At 105, her knees wobble but the funny bone's strong
Kopp recalls Depression, working for 'Old Frederick Pabst'
Some might call it good genes, others good luck. Making it to 105 years of age for Judy Kopp was as simple as her snappy one-liner, "I didn't smoke, I didn't drink, I just ran around with wild men."
"Everyone always says I have no vices and I didn't know what to say, so that's what I tell them," said Kopp, who celebrated her 105th birthday March 2.
Kopp, a Wauwatosa resident and honorary member of the Wauwatosa Senior Club, celebrated her milestone birthday with a luncheon and small gathering at the senior center Tuesday. Kopp, who has two children, lived to see the birth of numerous grandchildren, great-grandchildren and even two great-great-grandchildren.
"She just has a wonderful outlook on life," said Kathy Gagas, co-coordinator of the Wauwatosa Senior Club.
Kopp's memory is as sharp as her sense of humor. She recalled her life up to the events that brought her to Milwaukee in 1927.
Kopp moved from her family farm in Iowa at the age of 4 to South Dakota, where the family homesteaded. Her father, a builder, constructed her family's home at a time when most people in the area lived in sod houses. In her early teens, the family moved back to a farm in Lake Mills, Iowa, where Kopp attended high school. At the age of 19, she was recruited by Hoffman Business College in Milwaukee, and she left home.
"Can you imagine a 19-year-old kid coming all by herself?" Kopp said. She lived with a Milwaukee family on Wisconsin Avenue.
Before starting her career working for a collection agency, Kopp worked for Frederick Pabst Jr. at Pabst Brewery, where she would take notes and write letters.
"Old Frederick Pabst had an elderly woman as a secretary and I was her assistant, and I used to see (Frederick Pabst) every day," Kopp said.
While living near Marquette University, Kopp and her sister would frequent the school's dances. Kopp even made it onto "The Lawrence Welk Show."
It was one of these dances where she met her future husband, Aloys Kopp, who was studying dentistry at Marquette.
"He had a friend that I liked, but (Aloys) chose me so I had no choice," Kopp said, laughing.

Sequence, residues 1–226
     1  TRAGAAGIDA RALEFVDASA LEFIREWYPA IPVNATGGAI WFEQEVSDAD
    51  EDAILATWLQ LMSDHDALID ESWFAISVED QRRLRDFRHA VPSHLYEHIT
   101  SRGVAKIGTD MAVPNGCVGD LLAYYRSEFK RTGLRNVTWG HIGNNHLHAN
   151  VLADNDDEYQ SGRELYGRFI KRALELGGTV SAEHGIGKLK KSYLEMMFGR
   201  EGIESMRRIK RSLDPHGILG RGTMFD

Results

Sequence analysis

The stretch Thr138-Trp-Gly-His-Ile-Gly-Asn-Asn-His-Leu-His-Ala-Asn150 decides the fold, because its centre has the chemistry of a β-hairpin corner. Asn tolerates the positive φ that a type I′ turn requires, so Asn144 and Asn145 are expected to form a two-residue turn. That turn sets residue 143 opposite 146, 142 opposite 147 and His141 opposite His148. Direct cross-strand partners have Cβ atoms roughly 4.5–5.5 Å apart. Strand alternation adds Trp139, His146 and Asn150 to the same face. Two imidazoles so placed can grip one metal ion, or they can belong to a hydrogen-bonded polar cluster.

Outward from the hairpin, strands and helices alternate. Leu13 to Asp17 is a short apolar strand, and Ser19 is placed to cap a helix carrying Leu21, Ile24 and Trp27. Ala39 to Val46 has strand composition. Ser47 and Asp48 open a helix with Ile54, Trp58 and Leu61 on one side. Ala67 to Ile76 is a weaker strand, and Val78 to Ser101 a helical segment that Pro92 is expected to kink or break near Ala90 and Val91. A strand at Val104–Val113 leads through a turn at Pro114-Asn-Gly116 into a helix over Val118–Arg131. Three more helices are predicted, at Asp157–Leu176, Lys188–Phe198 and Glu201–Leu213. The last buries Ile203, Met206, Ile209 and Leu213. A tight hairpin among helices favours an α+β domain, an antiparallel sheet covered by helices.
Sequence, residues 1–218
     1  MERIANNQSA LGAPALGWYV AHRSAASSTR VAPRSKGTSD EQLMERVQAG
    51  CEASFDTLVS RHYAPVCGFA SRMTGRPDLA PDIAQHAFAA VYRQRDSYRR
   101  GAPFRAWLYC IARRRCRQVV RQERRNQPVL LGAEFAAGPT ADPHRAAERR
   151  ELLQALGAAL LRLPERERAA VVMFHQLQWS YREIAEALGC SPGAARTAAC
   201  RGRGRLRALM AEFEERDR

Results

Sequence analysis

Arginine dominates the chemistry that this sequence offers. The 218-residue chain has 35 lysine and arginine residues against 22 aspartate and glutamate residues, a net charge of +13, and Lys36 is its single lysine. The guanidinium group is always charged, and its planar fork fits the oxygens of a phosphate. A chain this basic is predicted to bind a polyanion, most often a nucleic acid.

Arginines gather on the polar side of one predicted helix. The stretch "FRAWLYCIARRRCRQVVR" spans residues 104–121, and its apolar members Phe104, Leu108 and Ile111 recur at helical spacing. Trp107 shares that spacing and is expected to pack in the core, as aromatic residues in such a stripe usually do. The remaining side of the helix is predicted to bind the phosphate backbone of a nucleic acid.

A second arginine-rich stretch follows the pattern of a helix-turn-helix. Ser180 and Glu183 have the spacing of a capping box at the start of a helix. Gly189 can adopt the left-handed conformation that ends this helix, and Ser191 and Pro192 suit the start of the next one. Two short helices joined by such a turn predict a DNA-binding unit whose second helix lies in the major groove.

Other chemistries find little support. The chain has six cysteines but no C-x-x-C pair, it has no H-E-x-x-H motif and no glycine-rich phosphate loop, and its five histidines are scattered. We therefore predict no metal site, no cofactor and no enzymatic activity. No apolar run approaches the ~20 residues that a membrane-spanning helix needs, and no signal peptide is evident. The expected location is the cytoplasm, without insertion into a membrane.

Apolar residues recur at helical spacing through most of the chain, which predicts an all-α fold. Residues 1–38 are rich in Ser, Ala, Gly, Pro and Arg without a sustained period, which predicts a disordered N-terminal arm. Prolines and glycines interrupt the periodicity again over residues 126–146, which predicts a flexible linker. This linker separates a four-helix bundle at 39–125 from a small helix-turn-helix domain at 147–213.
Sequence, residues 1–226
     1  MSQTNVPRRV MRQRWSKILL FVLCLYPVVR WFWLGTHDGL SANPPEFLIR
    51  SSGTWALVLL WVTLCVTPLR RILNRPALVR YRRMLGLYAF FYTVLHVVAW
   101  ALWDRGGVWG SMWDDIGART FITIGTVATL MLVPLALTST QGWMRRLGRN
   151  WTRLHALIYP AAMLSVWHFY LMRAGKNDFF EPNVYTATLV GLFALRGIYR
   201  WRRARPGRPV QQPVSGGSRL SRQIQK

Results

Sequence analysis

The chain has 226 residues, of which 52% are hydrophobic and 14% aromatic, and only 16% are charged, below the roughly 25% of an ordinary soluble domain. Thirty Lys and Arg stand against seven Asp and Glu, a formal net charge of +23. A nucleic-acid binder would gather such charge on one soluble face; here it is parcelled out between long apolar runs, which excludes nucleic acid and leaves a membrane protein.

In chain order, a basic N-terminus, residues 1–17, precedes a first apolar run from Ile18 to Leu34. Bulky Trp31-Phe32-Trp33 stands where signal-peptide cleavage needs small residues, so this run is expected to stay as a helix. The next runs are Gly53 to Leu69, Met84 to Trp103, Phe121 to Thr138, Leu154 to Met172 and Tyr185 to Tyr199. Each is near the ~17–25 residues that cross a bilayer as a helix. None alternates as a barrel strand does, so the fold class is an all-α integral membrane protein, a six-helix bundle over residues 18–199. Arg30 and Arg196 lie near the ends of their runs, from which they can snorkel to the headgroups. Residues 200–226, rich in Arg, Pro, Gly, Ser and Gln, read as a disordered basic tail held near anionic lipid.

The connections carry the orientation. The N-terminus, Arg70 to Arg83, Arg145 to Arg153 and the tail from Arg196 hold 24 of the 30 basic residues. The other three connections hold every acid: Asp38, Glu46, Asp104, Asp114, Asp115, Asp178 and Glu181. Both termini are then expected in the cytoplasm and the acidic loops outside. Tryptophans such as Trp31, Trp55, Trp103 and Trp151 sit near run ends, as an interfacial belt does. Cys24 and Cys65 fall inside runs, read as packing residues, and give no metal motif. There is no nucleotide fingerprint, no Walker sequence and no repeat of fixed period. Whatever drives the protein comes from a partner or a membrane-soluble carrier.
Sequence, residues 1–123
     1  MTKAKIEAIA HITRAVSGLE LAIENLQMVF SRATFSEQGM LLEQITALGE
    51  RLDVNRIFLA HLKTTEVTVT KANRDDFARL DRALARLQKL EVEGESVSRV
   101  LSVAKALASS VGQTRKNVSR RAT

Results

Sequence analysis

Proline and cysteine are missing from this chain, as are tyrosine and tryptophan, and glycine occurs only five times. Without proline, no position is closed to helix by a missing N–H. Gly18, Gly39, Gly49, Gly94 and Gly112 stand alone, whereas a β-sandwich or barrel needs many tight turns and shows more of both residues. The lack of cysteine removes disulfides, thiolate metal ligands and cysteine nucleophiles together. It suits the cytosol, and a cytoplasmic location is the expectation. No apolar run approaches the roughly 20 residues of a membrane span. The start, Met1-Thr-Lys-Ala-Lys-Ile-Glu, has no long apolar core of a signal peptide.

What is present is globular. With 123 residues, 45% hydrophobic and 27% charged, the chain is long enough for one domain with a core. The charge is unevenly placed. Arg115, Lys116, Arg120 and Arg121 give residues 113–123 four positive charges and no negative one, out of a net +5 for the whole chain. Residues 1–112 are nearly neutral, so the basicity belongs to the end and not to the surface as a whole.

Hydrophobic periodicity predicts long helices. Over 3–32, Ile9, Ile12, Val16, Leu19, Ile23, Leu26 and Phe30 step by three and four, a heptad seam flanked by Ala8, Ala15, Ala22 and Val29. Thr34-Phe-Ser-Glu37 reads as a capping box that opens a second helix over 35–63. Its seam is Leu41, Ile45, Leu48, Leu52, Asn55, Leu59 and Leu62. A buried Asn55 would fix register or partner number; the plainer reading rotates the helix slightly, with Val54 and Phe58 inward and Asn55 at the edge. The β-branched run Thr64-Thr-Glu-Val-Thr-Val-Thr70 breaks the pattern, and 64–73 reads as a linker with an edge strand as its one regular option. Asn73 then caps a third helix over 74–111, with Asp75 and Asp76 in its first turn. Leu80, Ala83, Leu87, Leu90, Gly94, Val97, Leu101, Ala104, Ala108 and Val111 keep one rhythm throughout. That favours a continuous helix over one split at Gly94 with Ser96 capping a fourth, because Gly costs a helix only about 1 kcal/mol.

They married in 1934 at the Church of the Gesu. In 1937, the couple had a son, Robert. He died from cancer at the age of 7. Although the couple had no more biological children, they adopted two, Kathy and Tom.
Kopp remembers the Great Depression, a grueling time when food was hard to come by.
"Peanuts were 5 cents a bag and they would give away two slices of bread so you would make a peanut sandwich," she said. "Times were tough."
World War II took the couple to San Francisco, where Kopp's husband worked as a Navy dentist for two years. Kopp said most of her adult life was spent caring for her family at a home on 83rd and Hadley streets in Milwaukee, where the couple lived for 66 years.
For years, Kopp was the only one on her street who had a car, so she ended up picking up and dropping off many of the neighborhood children.
Through the years taking care of people, Kopp said she would always wish for time by herself.
"I was one that waited on my family and I would say, 'Please, God, when am I going to have my time?' and he's given me 24 years and now I'm all by myself, so he granted my wish," Kopp said.
Though her husband passed away 23 years ago, her daughter lives nearby and her son lives out of the area.
Although she had been playing bridge and participated in the Wauwatosa Senior Club for the past 20 years, Kopp moved from Milwaukee to The Arboretum assisted living facility in Menomonee Falls last May.
"My knees are bad. I can't hear very well. I can't see very well and I have congestive heart failure," she said, "but I'm here."
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